Spider-Man: Far from Home (2019)

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The wall-crawler is back in this post-Endgame film that ends not only Phase 3 of the Marvel Cinematic Universe and sadly, Spidey’s last adventure for the MCU.

Reeling from the death of his mentor and lead Avenger, Tony Stark, Peter Parker has been ambushed with questions whether he is the lead Avenger. However, Peter has decided to forget being Spider-Man for a while when he heads to Europe on a class field trip. While he makes the decision to leave his superhero persona behind, his Aunt May puts the suit in the suitcase in case he is needed. Peter also intends to finally reveal his feelings for classmate Michelle “MJ” Jones.

However, on his trip to Venice, a mysterious elemental monster made of water has appeared and despite his attempt to save his classmates and others, Peter is unsuccessful. However, a savior comes in the form of Mysterio arrives and is able to stop the elemental creature. S.H.I.E.L.D. director Nick Fury tells Peter that Mysterio comes from an alternate Earth, due to the snap that killed both Thanos and Tony Stark. When Peter reluctantly agrees to help Fury and Mysterio defeat the other elementals that have appeared throughout Europe, something even more inevitable is bound to happen that will affect Peter’s double life forever.

With the success of Spider-Man: Homecoming in 2017, Spider-Man’s first solo entry in the Marvel Cinematic Universe really tested out to see how Peter would be able to juggle both his life as a high school student and the wall-crawling, web-slinging superhero. This second solo MCU for Spidey really gives our hero a more mature juxtaposition in terms of his double life. Once again, Tom Holland continues to impress as the now 16-year old Peter Parker, unaffected by the “blip” that makes him still 16 rather than a 21-year old Parker, still reeling from the loss of mentor Tony Stark.

Director Jon Watts and writers Chris McKenna and Erik Sommers did something smart and made word on bringing characters not seen on screen. In this case, enter Quentin Beck aka Mysterio. This character has two surprises. Tthe first involves with the casting of Jake Gyllenhaal, who actually does quite a great job in playing the role. The second surprise comes in the fact that he is actually a hero rather than a staple villain as seen in the comics. The mere fact that Mysterio, in the comics, is one of Spidey’s biggest villains. Samuel L. Jackson and Cobie Smulders provide some ample support when needed in their MCU signature roles of S.H.I.E.L.D.’s Nick Fury and Maria Hill.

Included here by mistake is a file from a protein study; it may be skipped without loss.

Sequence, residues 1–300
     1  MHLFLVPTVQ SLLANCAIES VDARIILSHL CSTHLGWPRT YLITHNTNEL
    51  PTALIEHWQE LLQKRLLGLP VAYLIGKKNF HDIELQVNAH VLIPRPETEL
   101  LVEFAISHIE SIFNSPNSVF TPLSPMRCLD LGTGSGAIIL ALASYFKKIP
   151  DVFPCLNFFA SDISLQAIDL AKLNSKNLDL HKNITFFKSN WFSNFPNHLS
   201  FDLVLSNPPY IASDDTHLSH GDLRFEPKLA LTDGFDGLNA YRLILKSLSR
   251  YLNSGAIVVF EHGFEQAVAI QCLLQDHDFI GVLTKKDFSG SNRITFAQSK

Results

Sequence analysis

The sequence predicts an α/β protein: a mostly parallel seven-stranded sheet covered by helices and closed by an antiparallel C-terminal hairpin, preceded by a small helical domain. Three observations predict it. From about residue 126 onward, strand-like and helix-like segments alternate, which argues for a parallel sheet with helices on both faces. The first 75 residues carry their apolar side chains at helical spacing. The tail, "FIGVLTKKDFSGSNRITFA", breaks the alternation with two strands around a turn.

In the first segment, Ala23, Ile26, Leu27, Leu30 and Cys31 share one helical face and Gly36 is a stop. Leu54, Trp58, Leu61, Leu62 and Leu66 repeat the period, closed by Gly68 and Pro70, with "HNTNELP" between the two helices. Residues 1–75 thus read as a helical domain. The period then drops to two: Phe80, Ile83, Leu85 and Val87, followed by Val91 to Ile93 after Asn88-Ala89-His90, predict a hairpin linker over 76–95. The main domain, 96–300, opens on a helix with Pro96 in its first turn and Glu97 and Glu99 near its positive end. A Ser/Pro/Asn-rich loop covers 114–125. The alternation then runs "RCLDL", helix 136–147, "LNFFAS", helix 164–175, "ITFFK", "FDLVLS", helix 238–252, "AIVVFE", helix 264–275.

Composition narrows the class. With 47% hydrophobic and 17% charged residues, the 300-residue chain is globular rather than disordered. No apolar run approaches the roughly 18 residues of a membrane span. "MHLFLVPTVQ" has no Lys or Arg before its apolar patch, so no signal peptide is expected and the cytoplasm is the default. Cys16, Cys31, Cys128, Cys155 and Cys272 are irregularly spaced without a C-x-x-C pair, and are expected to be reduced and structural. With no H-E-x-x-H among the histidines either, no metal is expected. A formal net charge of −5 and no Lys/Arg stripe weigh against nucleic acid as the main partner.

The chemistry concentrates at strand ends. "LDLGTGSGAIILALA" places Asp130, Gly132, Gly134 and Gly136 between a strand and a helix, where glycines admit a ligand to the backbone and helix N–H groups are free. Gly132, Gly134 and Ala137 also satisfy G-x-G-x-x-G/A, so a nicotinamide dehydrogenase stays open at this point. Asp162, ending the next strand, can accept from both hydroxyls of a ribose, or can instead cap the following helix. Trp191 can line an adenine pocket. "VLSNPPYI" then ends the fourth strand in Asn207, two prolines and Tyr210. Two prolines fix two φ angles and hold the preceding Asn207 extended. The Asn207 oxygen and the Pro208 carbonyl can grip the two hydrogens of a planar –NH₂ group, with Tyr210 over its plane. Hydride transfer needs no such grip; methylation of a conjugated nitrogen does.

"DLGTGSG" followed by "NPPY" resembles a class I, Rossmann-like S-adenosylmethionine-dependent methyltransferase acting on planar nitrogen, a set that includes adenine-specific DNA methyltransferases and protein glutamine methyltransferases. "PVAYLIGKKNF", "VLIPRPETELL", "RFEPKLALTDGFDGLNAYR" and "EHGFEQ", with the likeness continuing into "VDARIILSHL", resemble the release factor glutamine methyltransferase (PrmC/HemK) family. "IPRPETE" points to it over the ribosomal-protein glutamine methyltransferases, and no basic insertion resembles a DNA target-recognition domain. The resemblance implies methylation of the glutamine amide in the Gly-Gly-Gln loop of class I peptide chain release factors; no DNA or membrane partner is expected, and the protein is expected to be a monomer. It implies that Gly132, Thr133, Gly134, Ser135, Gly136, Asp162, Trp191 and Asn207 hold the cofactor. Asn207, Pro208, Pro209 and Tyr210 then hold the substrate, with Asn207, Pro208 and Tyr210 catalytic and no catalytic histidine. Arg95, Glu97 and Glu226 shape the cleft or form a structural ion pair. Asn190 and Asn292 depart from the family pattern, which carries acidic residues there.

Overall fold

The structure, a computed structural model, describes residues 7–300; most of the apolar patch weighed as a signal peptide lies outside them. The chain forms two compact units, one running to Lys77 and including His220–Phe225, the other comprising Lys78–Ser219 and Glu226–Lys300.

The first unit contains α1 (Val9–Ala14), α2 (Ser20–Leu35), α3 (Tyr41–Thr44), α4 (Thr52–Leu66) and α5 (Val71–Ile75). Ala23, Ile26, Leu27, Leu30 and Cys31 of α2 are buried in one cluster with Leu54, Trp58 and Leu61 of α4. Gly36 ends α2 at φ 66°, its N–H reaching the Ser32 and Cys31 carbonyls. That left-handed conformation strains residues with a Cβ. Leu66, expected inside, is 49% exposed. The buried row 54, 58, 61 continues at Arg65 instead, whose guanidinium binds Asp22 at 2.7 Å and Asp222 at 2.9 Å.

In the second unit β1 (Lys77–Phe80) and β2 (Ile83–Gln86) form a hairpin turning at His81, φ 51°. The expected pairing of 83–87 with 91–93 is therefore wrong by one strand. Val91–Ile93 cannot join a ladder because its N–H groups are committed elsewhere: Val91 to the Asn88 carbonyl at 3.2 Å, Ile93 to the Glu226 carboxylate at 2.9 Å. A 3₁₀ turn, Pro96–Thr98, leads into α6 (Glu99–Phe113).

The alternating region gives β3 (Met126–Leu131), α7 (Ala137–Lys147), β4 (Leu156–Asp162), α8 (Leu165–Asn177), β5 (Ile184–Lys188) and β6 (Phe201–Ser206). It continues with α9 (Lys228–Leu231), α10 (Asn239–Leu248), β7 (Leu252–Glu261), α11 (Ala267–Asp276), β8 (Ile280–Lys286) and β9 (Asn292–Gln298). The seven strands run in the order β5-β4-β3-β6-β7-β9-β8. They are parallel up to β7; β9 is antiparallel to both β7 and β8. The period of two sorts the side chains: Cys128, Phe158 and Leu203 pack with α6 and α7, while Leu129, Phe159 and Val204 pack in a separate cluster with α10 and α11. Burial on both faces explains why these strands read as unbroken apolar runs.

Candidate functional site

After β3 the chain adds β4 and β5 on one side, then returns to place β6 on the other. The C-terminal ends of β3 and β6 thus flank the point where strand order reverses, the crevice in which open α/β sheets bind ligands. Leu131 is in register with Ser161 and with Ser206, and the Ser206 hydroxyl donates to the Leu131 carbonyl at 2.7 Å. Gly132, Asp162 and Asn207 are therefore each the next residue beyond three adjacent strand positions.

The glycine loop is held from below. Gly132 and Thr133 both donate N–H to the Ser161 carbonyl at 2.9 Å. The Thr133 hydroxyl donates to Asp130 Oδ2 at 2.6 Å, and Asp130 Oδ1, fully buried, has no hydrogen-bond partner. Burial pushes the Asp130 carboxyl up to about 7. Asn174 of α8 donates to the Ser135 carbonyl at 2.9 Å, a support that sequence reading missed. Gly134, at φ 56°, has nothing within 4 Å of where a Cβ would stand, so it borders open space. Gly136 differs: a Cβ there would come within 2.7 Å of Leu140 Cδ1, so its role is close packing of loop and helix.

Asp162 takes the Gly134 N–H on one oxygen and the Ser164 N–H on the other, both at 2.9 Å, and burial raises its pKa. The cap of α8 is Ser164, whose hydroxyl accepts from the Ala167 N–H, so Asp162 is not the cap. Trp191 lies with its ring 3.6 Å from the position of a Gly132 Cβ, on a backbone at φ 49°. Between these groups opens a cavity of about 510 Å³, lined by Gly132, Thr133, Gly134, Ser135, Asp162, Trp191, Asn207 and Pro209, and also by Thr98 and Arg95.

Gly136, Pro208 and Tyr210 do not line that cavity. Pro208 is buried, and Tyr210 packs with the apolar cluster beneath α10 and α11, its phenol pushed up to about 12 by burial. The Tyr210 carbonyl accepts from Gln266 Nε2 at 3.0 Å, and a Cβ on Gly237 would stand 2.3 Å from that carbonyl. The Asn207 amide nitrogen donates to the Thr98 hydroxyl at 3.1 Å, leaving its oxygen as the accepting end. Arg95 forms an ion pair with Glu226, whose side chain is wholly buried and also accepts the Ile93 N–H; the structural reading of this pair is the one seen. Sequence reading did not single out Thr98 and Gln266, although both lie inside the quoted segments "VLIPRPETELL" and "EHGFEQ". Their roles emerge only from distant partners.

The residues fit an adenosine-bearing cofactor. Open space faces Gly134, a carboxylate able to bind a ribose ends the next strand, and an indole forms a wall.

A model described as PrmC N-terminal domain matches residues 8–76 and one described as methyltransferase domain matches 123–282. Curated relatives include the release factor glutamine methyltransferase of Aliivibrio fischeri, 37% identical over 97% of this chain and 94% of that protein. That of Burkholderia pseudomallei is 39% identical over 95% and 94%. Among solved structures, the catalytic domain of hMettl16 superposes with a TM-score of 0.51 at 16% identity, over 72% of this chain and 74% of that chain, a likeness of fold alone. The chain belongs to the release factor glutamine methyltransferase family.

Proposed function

The film has a subplot in terms of relationships that tend to more in the vein of being the film’s comic relief as we see Peter’s reactions to two relationships involving people close to him and it is those reactions that are priceless. The first involves a romance between Marisa Tomei’s Aunt May and Jon Favreau’s Happy Hogan with the second between Jacob Batalon’s Ned Leeds and Angourie Rice’s Betty Brant, the latter of which surprises Peter more than the former. Remy Hii’s Brad is a potential threat to Peter’s attempt to tell MJ how he feels while Tony Revolori’s Flash Thompson does what he does best, admiring Spider-Man while insulting alter ego Peter on numerous occasions with Peter resorting to getting the upper hand at times when it calls for it.

There is a mid-credits sequence that brings some shock value and at this point, could help Spidey get his own adventure now outside the MCU (now that it’s been confirmed that he is no longer affiliated with it) and an end-credit sequence that continues the MCU going. Now that Spider-Man is out of the Marvel Cinematic Universe, where he goes from here especially with the mid-credit sequence could help slowly bring Spidey into the SUMC (Sony Universe of Marvel Characters).

Spider-Man: Far from Home continues Tom Holland’s well-made run as Peter Parker as he deals with more than his double life and a finale that yells “open book” as to what’s next for the character. With his exit from the MCU, Spider-Man can ride off on his own into the sunset as he’s got even bigger issues to deal with while the MCU continues to run at full speed.

WFG RATING: A

Columbia Pictures presents a Marvel Studios production. Director: Jon Watts. Producers: Kevin Feige and Amy Pascal. Writers: Erik Sommers and Chris McKenna; based on the characters created by Stan Lee and Steve Ditko. Cinematography: Matthew J. Lloyd. Editing: Dan Lebental and Leigh Folsom Boyd.

Cast: Tom Holland, Samuel L. Jackson, Jake Gyllenhaal, Marisa Tomei, Jon Favreau, Zendaya, Jacob Batalon, Tony Revolori, Angourie Rice, Remy Hii, Martin Starr, J.B. Smoove, Cobie Smulders, Numan Acar.

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